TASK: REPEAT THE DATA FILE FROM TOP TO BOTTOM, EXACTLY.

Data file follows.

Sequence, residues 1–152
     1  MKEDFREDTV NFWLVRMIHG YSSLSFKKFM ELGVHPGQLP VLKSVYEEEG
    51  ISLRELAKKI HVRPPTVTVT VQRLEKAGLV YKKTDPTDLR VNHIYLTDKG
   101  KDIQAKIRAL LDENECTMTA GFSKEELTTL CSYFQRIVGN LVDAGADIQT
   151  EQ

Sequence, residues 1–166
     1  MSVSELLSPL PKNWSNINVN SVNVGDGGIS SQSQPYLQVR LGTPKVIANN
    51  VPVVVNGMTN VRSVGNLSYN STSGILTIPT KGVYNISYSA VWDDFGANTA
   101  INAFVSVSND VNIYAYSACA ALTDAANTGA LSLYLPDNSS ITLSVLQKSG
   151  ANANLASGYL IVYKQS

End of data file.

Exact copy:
Sequence, residues 1–152
     1  MKEDFREDTV NFWLVRMIHG YSSLSFKKFM ELGVHPGQLP VLKSVYEEEG
    51  ISLRELAKKI HVRPPTVTVT VQRLEKAGLV YKKTDPTDLR VNHIYLTDKG
   101  KDIQAKIRAL LDENECTMTA GFSKEELTTL CSYFQRIVGN LVDAGADIQT
   151  EQ

Sequence, residues 1–166
     1  MSVSELLSPL PKNWSNINVN SVNVGDGGIS SQSQPYLQVR LGTPKVIANN
    51  VPVVVNGMTN VRSVGNLSYN STSGILTIPT KGVYNISYSA VWDDFGANTA
   101  INAFVSVSND VNIYAYSACA ALTDAANTGA LSLYLPDNSS ITLSVLQKSG
   151  ANANLASGYL IVYKQS